Love this post ! I'm reminded of "Autism Awareness Month", everyone has magnets on the cars and flags out, blue porch light, (I'm still sporting the porch light)I was happy like YEAH !! MY TEAM !! but then it's over, for them. I'm sure your smile said it all , you know WE can spot pity a mile away and that Mom knew you meant well!! This post is very powerful! Thanks Momma Fry ! PS- Flap here often ? on a t-shirt !! :)ReplyDelete
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My name is Chip
Got here via a Facebook post from my brother. This article reads as if it was written by someone observing him and his family. His son is 11. Well to my point, I just so happen to own a screen printing company. I can come up with a design with the slogan, or have members submit ideas until there is a common graphic everyone likes. I don't know what it would take to get it on the site or what the proper etiquette is to actually do this. I am willing to do whatever the rules allow to get one of these into anyone's hands that would like one. I have absolutely no desire to profit from this, just want to help in some small way. If there is an interest in having shirts made, I will be proud to do it. I can be reached at Chevyrcg@aol.com
Thanks for your time.
I'd wear one in a heart beat. I recently spotted a little boy that almost instantly my husband and I exchanged a look, both knowing they were like us. We started a conversation but the A word is always hard to blurt out, I'd love the icebreaker!! Please email me at firstname.lastname@example.org if you go through with this. I have a blog called "Wonderful Messy Days" if you'd like to check it out! Love the idea and its sweet of you to offer with such an open heart!Delete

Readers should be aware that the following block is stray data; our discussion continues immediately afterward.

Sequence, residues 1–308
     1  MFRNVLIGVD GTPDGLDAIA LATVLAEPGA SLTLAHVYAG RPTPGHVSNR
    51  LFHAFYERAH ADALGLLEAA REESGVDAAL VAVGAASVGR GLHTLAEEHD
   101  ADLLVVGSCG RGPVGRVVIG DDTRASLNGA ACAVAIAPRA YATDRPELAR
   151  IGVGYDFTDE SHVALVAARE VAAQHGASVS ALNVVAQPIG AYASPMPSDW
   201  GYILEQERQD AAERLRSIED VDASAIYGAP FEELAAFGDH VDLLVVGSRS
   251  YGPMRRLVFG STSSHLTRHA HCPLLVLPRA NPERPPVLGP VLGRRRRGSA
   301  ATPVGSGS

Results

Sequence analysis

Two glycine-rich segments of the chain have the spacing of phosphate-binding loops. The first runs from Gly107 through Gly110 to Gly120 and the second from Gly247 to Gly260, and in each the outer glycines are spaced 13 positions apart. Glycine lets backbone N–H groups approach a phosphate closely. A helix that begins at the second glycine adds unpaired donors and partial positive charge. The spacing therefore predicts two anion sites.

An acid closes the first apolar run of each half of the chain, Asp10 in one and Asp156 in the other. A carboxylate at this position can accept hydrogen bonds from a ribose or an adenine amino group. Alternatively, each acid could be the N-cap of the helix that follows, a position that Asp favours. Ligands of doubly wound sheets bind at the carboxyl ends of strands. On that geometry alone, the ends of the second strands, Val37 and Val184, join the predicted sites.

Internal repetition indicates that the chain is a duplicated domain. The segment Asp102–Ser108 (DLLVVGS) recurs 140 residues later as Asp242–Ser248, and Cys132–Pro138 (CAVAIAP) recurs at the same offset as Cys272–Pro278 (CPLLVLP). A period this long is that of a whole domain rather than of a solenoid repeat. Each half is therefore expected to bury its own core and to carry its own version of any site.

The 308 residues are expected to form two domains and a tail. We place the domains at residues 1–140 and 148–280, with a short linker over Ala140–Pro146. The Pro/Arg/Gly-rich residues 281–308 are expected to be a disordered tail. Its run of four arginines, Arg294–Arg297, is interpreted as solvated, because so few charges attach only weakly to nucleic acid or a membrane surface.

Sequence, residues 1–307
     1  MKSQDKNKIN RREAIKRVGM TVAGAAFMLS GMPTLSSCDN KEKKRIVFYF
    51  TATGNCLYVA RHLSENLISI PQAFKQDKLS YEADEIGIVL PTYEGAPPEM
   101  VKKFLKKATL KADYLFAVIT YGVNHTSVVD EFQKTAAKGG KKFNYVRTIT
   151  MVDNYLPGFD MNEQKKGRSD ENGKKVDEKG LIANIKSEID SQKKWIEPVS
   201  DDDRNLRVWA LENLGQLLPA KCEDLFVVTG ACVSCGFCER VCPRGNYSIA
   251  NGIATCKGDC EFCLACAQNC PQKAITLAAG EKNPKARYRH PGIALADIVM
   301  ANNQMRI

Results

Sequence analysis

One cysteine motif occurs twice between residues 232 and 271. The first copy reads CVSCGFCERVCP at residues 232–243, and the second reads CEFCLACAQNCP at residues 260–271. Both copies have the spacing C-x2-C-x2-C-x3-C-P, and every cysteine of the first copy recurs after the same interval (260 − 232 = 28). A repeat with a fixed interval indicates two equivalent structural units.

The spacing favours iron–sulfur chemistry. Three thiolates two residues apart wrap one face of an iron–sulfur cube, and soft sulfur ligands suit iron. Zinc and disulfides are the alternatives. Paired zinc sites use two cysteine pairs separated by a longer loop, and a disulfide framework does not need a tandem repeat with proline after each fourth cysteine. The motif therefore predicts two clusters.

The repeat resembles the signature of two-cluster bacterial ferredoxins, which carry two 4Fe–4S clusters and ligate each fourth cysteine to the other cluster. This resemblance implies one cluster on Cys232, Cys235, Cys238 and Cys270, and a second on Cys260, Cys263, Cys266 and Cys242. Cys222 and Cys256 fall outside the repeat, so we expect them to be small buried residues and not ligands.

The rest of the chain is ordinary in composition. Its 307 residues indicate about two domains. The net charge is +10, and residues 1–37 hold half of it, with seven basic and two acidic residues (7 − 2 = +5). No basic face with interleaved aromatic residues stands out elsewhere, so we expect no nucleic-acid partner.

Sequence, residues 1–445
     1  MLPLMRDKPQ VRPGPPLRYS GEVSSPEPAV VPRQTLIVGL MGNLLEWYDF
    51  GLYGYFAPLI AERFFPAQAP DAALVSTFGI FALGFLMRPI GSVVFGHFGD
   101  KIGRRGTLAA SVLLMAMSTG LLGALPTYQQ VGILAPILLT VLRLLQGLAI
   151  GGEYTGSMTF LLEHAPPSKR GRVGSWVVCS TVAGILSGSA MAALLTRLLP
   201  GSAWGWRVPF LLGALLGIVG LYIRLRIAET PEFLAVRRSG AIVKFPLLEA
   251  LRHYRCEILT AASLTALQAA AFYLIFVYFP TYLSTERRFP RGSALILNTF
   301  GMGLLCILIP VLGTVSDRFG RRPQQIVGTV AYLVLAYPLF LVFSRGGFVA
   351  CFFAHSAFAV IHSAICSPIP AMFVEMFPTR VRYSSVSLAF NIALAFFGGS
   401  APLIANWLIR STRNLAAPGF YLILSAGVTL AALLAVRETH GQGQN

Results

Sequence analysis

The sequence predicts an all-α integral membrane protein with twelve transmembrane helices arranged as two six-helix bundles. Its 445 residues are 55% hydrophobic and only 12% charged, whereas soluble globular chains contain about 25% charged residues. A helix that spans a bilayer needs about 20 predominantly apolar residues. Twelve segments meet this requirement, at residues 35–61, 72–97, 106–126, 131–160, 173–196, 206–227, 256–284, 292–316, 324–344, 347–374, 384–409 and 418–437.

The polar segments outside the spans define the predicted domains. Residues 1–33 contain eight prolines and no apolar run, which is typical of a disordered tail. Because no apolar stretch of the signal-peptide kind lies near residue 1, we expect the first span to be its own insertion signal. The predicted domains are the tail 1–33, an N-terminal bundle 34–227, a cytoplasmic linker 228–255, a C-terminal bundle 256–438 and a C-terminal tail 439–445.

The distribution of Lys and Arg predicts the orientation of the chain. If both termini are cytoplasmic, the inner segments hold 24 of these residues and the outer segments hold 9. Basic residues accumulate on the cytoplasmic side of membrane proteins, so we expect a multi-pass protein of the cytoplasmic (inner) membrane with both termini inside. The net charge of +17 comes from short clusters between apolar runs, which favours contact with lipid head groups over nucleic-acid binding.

It is a weird dynamic, for sure.ReplyDelete
Happy tears welling up in my eyes as I read this. Welcome to our crazy wonderful world everyone!ReplyDelete
"Flap here often?" PERFECT!ReplyDelete
I don't approach others based on my instant diagnosis (although I think I have a good eye) for many of the reasons mentioned above. However, if I notice they have an Autism charm or something I'll use that as a conversation opener and mention that I saw it and that my son is on the spectrum.ReplyDelete
My son is almost 11 and still holds my hand often. I love it!
Flap here often? This just made my day.ReplyDelete
I LOVED "Flap here often". On our last vacation, we were watching a family with kids our children's age on the same play equipment. Their little girl was probably seven, and she was sobbing and screeching, that peculiar scream that only those of us who have heard it before can know. I was mostly chasing my two because ... beach and ... play equipment ... and heat ... and other children .... and SUNSHINE SO BRIGHT IT MIGHT AS WELL BE BLARING MUSIC all equal sensory overload for mine. It was obvious that for whatever reason, the family was stuck here. They wanted to get that poor child somewhere quiet, cool, and dark, but it wasn't an option. We were behind a restaurant at the time. The play equipment belonged to a tiny mallish -- I won't try to explain Destin. If you haven't been there, it's impossible, and if you have, you go "Oh the boardwalk". Anyway, there wasn't a thing I could DO for these people, but I hated to stand by without acting. I finally worked up my nerve and touched the Mom's arm and said, "If it's sensory overload, my two like to sit under the tables. It's a little quieter and a little more dark." Now, these weren't the greatest tables for sitting under. They were designed with ants and seagulls in mind. But I think I connected with her for a second, so she'd at least know she wasn't the only parent out there with a kid on the spectrum. Because that ALONE feeling in the middle of a meltdown is the worst in the world.ReplyDelete